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How many hospital pharmacies with sterile areas for handling and preparing cytotoxic drugs are aware that one of the greatest risks that they are taking is with the lives of their staff? The risk is that a pharmacy staff member will contract type 1 natural rubber latex (NRL) protein allergy.
Exposure over time to the proteins in NRL can cause an individual to become latex-sensitised. The longer the exposure period and the higher the level of proteins in the gloves, the greater is the potential risk of sensitisation.
It is inevitable that among pharmacy staff who wear latex cleanroom gloves on a daily basis, a number of individuals will over a period of time develop type 1 latex protein allergy. This is an irreversible and potentially life-threatening condition.
There is a proven link between prolonged exposure to the proteins in latex gloves and acquisition of type 1 allergy.
Although this does not mean all latex glove wearers will become latex-allergic, a study by the Association of Operating Room Nurses (AORN) in the USA found a significant percentage of latex-sensitised employees were predisposed to acquisition of type 1 latex protein allergy (see Table 1).(1)
In the UK, the Trades Union Congress (TUC) has called for a total ban on the use of latex gloves in the National Health Service, citing a figure of 100,000 staff at risk of developing a latex allergy.
Legal actions have been successfully brought against employers by employees who have become latex-allergic, on the basis that despite the availability of alternative gloves, employers were unwilling to change from using latex gloves.
Incident 1: September 2000
A respiratory therapist in Wisconsin, USA, was awarded $1m for acquisition of a work-related latex protein allergy.
Incident 2: July 2004
A former NHS nurse was awarded £354,000 in damages for personal injury, loss of future earnings and loss of pension. She is now obliged to carry an adrenaline injection at all times in case she comes into contact with latex.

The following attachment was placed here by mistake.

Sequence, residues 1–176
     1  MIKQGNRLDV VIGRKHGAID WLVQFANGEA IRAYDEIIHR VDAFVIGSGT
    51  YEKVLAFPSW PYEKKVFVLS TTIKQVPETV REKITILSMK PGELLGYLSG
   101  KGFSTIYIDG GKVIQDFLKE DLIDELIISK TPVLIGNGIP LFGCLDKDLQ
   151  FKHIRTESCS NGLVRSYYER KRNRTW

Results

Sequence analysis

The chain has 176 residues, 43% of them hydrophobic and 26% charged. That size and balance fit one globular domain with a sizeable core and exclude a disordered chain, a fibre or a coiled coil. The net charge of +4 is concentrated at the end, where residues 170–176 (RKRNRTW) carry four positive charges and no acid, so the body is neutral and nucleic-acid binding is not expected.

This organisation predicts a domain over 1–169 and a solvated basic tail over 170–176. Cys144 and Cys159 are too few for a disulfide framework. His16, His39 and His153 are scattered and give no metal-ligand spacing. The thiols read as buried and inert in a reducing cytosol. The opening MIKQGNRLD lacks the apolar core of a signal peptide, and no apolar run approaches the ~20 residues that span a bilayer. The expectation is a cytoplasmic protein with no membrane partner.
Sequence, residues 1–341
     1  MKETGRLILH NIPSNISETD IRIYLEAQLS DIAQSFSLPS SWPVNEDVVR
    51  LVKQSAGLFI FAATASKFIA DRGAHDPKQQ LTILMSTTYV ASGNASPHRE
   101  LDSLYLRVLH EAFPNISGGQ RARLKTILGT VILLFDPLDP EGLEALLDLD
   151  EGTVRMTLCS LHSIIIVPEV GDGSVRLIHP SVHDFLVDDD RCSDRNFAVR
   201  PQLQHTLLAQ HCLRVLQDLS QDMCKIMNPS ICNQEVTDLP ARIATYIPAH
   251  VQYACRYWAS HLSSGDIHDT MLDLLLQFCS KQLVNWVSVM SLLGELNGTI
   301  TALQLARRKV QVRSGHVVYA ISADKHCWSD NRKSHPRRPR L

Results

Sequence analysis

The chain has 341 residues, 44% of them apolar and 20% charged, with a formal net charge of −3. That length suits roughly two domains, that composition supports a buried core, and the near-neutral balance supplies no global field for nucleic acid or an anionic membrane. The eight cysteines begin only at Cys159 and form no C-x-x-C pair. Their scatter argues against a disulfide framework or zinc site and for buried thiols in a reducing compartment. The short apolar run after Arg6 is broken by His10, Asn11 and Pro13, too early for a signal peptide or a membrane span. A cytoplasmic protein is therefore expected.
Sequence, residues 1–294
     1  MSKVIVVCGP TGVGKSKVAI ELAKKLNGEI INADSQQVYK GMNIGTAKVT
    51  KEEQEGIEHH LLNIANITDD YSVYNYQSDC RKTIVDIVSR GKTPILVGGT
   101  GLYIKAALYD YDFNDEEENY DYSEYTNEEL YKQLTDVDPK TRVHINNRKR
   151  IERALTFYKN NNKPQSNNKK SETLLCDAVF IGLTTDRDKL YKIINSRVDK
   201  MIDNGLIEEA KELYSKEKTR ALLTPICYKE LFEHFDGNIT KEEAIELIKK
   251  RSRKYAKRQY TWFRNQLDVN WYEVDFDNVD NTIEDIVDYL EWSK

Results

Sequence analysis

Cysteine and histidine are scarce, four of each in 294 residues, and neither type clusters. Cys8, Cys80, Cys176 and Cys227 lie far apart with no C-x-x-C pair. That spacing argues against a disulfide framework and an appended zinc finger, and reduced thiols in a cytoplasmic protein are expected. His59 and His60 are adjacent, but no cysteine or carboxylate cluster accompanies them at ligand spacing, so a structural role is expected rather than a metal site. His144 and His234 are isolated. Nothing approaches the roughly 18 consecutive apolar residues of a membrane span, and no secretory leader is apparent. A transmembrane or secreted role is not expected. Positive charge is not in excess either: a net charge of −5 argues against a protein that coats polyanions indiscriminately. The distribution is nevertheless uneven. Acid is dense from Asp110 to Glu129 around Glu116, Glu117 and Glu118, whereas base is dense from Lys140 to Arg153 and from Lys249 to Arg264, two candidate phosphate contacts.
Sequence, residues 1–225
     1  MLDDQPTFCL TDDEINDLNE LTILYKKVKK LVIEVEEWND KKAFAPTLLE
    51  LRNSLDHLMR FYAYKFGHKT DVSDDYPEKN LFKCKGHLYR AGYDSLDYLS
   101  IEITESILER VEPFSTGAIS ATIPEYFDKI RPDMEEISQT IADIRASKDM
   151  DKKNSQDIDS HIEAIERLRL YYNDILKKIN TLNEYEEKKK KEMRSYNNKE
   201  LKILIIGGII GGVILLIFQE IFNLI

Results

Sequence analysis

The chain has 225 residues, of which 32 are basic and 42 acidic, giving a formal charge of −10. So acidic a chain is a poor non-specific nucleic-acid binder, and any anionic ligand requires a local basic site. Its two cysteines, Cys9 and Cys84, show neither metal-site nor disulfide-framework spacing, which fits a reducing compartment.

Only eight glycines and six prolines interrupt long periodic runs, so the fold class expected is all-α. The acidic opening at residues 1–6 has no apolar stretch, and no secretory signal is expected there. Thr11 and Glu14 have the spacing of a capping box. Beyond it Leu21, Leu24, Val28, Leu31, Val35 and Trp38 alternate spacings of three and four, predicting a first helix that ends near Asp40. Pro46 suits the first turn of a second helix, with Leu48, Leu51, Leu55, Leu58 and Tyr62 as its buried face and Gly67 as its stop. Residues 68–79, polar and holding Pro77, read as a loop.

Incident 3: July 2004
Less than a month after the award was made in the above case, an Australian nurse received AUS$428,000 in compensation from Illawarra Area Health Service, Sydney, after acquiring a latex-protein allergy at work.
The advantage of latex gloves is that, with their elastic properties, they offer the ideal combination of fit, comfort, grip and tactility, which is frequently required when undertaking delicate procedures. Latex is also resistant to a wide range of substances, particularly alcohols, acids and fats. However, gloves made using alternative latex-free materials are typically criticised for their poor tactility, stiffness, poor grip, poor fit and low elasticity. Nonlatex gloves are also generally far more expensive than the equivalent latex gloves.
The most straightforward solution would appear to be to stop using latex gloves. However, this has proved difficult to put into practice.
Given the scale of the problem, continuous efforts have been made to find an alternative material that includes the excellent physical properties of natural rubber latex but excludes the potential to cause irreversible damage to the health of some users.
However, a range of sterile cleanroom gloves manufactured from a proprietary blend of nonlatex polymers is now available. These gloves are 100% latex-free and have exceptional performance against cytotoxic drugs.
Advantages of these gloves – manufactured by UK company Nitritex under the brandname BioClean – comprise:
For more information on BioClean gloves, contact Nitritex’s sales department by telephone on +44 (0)1638 663338 or via email at firstname.lastname@example.org
1. Korniewicz DM, Garzon L, Seltzer J, Kennedy N, Feinleib M. Implementing a nonlatex surgical glove study in the OR. AORN Journal 2001;73;2:435,437-40,442,445.